Even for Serena Williams, who at her best is the best, the top spot means something. What else could explain this reaction? You’d think she won three Olympic medals or put a beatdown on Maria Sharapova and Justine Henin combined, not that she won a U.S. Open semifinal against Wozniacki, a friend but one who happens to be world No. 1.

In some ways it’s been a good reign.

When you look past the Slamlessness—and you should at this point—you can see Wozniacki’s been a capable top (young) gun. If Slams were awarded based on off-court abilities, she’d have a few by now.

“She’s an amazing ambassador for women’s tennis,” said WTA CEO Stacey Allaster when I talked to her for a Wozniacki profile last April. “She’s hardworking, never gives up and is a very intelligent and warm person.” Allaster praised Wozniacki’s respect for fans, business partners, sponsors and media. She believes it “comes from within” but also from the “excellent” team around her, especially “parents who support her, encourage her, let her be independent.” Allaster also spoke of how No. 1 players over the years have been different and how that makes sport “so fantastic.” Justine Henin was a very private person focused on “performance performance.” Wozniacki “opens herself up.”

Which is likely a good thing for the tour in this Internet age, with its insatiable appetite for everything, from wisdom and depth to bite-sized chunks of sensationalist quotes taken out of context and other inanities packaged just so.

Sure, Wozniacki can be a bit much sometimes. We could do without the miscellaneous antics in interview rooms worldwide and public displays of affection set against the backdrop of the Yale football team. But when people say she tries too hard, I disagree. It’s partly that she can’t escape the limelight, even when she tries. And partly that she’s 21. Have you checked the Facebook wall of a 21-year-old lately?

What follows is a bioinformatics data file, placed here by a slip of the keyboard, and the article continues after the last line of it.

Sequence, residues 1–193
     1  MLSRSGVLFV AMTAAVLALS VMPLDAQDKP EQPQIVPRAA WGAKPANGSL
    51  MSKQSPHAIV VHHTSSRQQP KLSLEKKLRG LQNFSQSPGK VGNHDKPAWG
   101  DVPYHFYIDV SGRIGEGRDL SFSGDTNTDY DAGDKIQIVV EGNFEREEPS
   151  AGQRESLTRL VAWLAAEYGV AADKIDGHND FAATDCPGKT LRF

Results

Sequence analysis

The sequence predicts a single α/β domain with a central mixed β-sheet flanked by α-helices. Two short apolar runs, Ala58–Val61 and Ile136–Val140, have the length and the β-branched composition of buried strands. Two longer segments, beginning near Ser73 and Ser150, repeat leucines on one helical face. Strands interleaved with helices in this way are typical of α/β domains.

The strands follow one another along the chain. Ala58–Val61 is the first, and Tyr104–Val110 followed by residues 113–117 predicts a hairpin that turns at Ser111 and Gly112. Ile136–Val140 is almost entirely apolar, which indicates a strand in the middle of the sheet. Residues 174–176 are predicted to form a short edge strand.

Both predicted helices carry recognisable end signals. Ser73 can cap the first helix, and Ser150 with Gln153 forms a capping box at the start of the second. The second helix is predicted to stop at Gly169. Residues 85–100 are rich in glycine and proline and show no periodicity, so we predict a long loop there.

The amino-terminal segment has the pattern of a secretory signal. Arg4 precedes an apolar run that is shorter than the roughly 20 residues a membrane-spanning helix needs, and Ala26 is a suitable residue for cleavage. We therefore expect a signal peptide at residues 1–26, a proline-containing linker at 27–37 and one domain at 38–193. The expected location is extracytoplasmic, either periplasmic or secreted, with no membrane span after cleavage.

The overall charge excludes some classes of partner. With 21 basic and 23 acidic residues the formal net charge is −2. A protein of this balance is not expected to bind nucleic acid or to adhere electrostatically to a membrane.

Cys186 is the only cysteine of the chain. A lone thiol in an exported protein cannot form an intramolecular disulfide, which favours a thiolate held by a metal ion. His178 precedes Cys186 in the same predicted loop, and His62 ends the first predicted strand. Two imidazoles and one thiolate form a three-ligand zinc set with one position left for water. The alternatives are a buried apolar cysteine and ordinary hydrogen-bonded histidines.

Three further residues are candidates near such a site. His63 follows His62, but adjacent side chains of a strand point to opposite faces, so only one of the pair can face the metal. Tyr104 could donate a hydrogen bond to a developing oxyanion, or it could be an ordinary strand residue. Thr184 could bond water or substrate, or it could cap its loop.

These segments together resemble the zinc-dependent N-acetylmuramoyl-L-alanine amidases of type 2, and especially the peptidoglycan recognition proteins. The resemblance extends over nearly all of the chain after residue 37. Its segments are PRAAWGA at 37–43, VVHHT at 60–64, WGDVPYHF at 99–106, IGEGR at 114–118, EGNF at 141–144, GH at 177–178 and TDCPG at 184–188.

It’s true she’s not so illuminating these days. She doesn’t provide as much insight as Marion Bartoli, Vera Zvonareva, or Sam Stosur. Or as much entertainment value as Serena Williams, Jelena Jankovic, and Andrea Petkovic. But she offered more of both before she got to the top, and even now she’s knowledgeable, not to mention personable and quick with a smile.

It's time for a change, for us and for her.

Last month I talked to her agent, Lagardere’s John Tobias, who spoke of the “unfair” criticism his client gets. How she’s only played four Slams since reaching No. 1 and gotten to the semis of two, how she’s the youngest player in the Top 10. “What she’s accomplished until this point is really amazing,” he said. “People just need to realize that women’s tennis, like men’s tennis, has become such a physically-demanding sport. It requires a bigger girl like a Kvitova or a mature athlete to consistently win Slams.” Tobias is confident Wozniacki will win Slams, that it’s a matter of time. He has a point, though he has a dog in the fight. (A few actually—he also represents Victoria Azarenka, Agnieszka Radwanska, Sloane Stephens and Coco Vandeweghe.)

Still, Wozniacki will and should lose the No. 1 ranking, at least for now.

Kvitova is the form player, and her ascent would give the ranking system more legitimacy. For Wozniacki it would be a chance to regain her sanity and make needed improvements away from the bright lights and big questions. The short-term loss could mean a Slam and subsequent long-term gains. Right now it’s time for a change, for us and for her, but I wouldn’t complain if she returned for a good, long run, even better and with serious hardware in tow.